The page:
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Linux

Q4OS – A Fast & Powerful Open-Source Windows-Like OS

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GNU
Linux

Q4OS is an open source Debian-based distro that boasts a UI similar to that of Windows XP and Windows 7 straight out of the box. It focuses on long-term stability, security, speed, and reliability.

Q4OS was created not too long before Microsoft ended support for Windows XP on April 8, 2014. After this period many Windows users who had not completely transitioned from XP were forced to use workstations that were vulnerable to security threats, app bugs, and general unreliability.

The dev team tagged it “the right desktop for your business” and they have their commercial support feature to back it up – they are ready to provide client support by helping users with system modifications, UI customization, and core level API programming. The OS also does a good job of working with virtual cloud environments and that’s thanks to its low hardware requirements.

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Linux 4.18 Set To Receive Scheduler Optimization For vCPUs

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Linux

The Linux kernel scheduler optimization work continues and it looks like for Linux 4.18 there will be at least another optimization to help out vCPUs in a virtualized environment.

Rohit Jain of Oracle sent in a patch this week that is already queued as part of scheduler work for the next kernel series, Linux 4.18. The patch is sched/core: Don't schedule threads on pre-empted vCPUs.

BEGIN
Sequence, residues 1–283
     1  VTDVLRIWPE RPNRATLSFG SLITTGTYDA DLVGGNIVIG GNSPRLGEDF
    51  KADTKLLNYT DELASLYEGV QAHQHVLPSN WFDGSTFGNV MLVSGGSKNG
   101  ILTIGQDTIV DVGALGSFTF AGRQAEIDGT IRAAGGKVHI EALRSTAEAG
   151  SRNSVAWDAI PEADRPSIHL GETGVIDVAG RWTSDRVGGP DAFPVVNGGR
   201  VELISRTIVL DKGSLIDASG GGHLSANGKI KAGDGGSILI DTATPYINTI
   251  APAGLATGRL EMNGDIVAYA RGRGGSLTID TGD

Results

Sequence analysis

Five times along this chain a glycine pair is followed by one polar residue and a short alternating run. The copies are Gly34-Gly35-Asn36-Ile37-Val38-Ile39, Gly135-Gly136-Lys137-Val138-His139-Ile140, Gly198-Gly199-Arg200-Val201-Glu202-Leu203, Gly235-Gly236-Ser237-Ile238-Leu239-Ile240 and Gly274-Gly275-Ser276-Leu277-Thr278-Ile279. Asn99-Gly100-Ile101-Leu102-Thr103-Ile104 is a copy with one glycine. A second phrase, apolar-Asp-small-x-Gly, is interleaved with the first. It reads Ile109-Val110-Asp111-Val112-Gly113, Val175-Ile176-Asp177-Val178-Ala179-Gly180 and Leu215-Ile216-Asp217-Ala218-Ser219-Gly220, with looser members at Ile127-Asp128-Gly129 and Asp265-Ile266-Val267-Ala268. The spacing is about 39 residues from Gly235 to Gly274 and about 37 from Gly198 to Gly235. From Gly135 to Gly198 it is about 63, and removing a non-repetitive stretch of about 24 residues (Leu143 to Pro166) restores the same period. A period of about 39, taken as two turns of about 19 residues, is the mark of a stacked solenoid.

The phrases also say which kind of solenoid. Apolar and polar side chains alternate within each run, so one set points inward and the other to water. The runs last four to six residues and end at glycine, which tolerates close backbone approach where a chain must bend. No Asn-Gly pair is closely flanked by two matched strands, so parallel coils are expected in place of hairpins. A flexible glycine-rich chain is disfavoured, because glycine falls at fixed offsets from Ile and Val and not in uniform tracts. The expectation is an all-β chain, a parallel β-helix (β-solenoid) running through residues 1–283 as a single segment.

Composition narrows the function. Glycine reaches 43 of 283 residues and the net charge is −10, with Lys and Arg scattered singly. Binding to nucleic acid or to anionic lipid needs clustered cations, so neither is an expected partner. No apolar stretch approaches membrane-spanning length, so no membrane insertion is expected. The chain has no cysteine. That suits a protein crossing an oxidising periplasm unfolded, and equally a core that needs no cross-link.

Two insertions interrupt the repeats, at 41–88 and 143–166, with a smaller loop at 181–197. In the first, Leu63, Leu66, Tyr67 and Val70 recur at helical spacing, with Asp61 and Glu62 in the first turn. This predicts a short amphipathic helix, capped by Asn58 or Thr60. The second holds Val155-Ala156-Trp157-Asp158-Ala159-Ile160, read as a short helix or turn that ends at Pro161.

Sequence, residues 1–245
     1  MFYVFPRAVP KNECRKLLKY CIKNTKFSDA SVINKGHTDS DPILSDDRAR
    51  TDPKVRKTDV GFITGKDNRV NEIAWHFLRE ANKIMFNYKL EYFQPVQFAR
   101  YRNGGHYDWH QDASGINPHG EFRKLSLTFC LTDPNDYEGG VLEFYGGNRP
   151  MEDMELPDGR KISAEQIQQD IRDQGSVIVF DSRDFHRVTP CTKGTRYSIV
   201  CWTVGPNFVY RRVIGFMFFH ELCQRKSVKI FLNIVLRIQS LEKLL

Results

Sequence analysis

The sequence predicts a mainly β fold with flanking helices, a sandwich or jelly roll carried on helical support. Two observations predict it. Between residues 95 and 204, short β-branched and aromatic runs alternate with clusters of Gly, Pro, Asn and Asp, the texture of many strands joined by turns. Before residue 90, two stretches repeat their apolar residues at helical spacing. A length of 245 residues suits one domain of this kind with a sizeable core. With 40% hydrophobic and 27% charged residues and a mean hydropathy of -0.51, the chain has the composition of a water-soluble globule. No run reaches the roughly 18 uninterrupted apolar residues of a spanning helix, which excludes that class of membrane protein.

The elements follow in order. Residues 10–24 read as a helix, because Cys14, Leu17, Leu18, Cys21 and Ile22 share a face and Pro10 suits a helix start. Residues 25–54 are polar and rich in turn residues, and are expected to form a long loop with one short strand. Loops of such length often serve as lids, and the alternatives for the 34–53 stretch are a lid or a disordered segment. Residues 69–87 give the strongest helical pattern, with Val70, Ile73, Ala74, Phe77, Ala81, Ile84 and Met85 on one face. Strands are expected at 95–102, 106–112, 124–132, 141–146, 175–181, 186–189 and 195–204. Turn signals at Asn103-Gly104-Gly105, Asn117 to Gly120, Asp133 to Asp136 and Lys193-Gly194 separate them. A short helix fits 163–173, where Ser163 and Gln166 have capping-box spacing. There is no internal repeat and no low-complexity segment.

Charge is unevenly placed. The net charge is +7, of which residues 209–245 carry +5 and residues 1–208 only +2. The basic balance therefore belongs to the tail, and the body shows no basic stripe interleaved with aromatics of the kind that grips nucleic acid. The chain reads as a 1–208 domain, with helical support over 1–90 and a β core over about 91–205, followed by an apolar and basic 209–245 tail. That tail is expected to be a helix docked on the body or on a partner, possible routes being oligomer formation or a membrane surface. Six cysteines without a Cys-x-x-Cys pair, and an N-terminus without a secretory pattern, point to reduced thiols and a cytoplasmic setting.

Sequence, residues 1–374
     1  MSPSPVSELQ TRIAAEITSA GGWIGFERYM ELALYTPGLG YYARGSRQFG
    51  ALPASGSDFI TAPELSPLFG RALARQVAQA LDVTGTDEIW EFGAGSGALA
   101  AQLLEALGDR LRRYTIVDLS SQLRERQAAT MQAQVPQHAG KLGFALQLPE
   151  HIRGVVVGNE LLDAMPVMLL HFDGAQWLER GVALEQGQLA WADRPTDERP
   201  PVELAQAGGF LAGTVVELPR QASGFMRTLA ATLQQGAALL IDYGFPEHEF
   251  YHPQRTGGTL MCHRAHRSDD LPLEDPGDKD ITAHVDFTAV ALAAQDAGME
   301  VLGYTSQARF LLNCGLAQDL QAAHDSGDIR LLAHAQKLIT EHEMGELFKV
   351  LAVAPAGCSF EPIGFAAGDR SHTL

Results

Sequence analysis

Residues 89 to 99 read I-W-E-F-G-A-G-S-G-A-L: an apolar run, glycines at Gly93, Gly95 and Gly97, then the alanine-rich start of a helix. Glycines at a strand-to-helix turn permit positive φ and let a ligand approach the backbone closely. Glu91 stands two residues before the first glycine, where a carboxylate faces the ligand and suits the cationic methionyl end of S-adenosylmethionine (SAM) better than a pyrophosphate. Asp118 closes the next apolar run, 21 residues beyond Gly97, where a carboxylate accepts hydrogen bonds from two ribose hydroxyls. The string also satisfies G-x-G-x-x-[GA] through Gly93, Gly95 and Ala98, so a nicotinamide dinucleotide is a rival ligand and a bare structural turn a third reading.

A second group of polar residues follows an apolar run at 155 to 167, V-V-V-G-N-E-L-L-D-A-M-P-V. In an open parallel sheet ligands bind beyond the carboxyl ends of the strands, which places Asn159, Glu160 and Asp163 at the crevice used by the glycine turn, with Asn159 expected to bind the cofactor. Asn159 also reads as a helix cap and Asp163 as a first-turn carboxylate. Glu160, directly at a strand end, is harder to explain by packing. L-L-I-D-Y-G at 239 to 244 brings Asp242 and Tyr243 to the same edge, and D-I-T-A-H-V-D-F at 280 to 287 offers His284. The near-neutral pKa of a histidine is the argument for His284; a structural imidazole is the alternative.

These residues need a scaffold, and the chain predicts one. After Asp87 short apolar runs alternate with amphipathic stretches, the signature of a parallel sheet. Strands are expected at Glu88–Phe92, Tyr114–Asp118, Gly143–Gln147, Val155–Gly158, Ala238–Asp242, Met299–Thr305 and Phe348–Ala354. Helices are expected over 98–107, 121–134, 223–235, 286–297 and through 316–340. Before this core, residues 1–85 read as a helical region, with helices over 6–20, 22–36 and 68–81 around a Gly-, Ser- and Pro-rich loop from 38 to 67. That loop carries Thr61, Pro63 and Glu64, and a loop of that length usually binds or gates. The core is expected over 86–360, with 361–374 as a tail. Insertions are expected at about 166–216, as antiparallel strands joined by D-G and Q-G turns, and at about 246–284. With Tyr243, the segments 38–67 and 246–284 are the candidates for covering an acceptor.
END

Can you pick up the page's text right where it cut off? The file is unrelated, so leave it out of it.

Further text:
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Raspberry Pi CM3 based touch-panel computer starts at $113

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Linux

Acme has launched a rugged, 22mm thick “CM3-Panel” 7-inch capacitive touch-panel computer built around a Raspberry Pi Compute Module 3. Four models are available: WiFi, USB, WiFi and 868MHz Yarm RF, or USB and Yarm.

Acme has followed up on last December’s CM3-Home home automation carrier board for the Raspberry Pi Compute Module 3 with a 7-inch touch-panel computer built around the RPi CM3. The open spec CM3-Panel is less than 22mm thick and supports -20 to 70° temperatures. It’s available in four different models, including two with modules that support Acme’s open source 868MHz Yarm RF radio module spec.